Mobile Sign Language Startup Not Tone-Deaf to Ann Arbor Area’s Promise

12/1/10

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app. The University of Michigan has hosted summer camps for deaf and hard-of-hearing children, and he’s let the kids try out early prototypes.

“The aim of this is to increase their access to the hearing world, to ease the communication barrier,” he says.

The app features a three-dimensional avatar on the screen that does the signing. Users can rotate the character around to different angles, speed it up, slow it down, even play the sign backward, if they want to.

Gilbert says it is important that the avatar not be just a cartoon character, but a full motion-capture computer representation of a real human. That is the only way the full syntax of sign language can be achieved, with all its subtleties.

“The grammar of sign language is not entirely in the hands,” Gilbert says. “It’s very much in the body and facial expressions. Facial grammar can actually change the meaning of a handshape. And so we wanted to be able to capture it as realistically as possible.”

All this development requires time in a motion-capture studio. He and Yu did their prototype at the University of Michigan’s 3-D Lab and plan on doing more at a studio at Henry Ford Community College in Dearborn.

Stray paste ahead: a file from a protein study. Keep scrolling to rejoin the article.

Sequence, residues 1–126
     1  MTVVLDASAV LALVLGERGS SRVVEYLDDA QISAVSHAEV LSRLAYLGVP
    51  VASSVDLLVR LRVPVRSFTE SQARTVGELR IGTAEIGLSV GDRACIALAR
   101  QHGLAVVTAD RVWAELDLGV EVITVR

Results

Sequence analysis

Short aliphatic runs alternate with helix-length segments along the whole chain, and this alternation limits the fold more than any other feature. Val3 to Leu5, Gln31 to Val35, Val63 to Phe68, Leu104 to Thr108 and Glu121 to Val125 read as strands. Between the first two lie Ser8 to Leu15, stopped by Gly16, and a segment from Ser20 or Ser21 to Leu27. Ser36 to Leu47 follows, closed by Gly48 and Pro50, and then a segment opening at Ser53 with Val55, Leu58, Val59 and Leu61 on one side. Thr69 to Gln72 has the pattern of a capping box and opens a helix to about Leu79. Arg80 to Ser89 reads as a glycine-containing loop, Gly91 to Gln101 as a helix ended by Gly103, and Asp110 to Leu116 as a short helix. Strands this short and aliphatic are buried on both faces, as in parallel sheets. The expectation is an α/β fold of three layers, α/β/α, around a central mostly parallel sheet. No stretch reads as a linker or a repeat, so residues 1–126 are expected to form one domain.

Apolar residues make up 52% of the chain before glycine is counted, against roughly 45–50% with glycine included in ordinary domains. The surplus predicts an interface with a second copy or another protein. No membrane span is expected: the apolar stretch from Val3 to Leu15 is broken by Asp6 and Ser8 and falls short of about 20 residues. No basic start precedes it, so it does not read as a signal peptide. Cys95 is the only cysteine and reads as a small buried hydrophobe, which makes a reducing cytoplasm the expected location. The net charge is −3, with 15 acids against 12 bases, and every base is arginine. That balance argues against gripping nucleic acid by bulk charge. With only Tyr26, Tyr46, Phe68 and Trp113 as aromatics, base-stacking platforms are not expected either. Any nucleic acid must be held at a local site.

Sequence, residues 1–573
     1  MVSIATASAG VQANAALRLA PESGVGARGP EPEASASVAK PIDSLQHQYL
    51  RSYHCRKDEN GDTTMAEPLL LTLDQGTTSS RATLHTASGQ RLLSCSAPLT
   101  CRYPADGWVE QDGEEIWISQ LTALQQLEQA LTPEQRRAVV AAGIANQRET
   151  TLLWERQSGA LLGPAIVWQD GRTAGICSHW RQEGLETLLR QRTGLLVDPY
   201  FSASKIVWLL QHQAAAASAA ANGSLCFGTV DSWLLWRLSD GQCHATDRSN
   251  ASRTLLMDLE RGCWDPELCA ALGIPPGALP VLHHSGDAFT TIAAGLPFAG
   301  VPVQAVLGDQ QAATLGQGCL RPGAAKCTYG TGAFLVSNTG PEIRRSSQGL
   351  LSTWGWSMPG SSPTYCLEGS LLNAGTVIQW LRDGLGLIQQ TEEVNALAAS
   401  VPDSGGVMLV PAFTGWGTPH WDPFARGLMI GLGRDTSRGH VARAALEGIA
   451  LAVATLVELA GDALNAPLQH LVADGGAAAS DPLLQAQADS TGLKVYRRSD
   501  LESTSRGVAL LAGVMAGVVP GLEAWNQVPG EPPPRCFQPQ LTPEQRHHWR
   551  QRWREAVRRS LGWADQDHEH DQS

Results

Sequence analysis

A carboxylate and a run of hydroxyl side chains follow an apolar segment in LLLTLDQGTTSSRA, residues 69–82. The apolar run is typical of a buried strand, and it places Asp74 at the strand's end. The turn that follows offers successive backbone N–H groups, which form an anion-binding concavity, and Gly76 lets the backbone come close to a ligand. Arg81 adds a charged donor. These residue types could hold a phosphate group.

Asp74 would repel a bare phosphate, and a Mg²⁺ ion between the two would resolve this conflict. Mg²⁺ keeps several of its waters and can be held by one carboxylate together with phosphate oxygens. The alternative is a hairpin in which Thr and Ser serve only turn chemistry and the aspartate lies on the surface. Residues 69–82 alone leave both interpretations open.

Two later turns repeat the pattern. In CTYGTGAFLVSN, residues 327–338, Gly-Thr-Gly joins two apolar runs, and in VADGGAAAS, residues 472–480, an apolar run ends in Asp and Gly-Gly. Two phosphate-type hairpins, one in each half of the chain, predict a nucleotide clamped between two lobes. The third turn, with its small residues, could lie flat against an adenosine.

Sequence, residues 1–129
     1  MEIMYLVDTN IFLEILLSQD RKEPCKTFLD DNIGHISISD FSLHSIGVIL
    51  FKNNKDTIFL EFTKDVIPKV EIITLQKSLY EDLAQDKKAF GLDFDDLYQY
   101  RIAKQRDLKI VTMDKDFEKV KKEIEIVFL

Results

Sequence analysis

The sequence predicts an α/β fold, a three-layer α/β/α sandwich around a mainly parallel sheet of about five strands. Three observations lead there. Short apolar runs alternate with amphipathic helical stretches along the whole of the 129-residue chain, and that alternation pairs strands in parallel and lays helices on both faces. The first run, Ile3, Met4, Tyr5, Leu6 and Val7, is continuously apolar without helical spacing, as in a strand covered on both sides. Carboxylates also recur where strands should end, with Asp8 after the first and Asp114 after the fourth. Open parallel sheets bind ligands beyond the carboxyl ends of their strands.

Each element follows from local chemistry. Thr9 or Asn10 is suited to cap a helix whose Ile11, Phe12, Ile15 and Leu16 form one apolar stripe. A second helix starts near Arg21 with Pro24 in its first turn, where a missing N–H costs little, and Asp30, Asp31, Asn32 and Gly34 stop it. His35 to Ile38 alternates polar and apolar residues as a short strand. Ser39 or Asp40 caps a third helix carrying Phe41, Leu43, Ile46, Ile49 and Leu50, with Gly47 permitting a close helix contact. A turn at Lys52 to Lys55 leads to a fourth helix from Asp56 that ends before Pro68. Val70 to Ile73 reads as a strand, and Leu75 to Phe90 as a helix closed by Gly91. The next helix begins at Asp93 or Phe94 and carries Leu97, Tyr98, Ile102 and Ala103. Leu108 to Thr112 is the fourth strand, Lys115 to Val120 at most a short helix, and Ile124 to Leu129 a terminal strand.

And, since Gilbert and Yu are entirely self-funded—and doing this while they also hold down day jobs—progress is sometimes a bit slow. Gilbert has a PhD in atmospheric and space sciences, and he works in the space department at U-M. Gilbert says the company will seek venture funding, but not until they have a fully functioning prototype to shop around.

Because of the time and expense involved in getting into a studio, the full-function app will probably take another year of development. What Mobile Sign Language Systems will release around the holidays is a kind of baby step along the way—in some sense. It’s an app of baby sign language.

It’s been trendy for a few years now for parents to communicate with their prelingual children using sign language. The theory is that babies can make their needs known to their parents using sign language a lot sooner than they can learn words. Educational courses and products have developed around this theory.

Gilbert, a father of three, communicated with his kids that way when they were infants, and he hopes that it is more than just a trend. So, he and Yu put together a short dictionary of baby signs—basic … Next Page »

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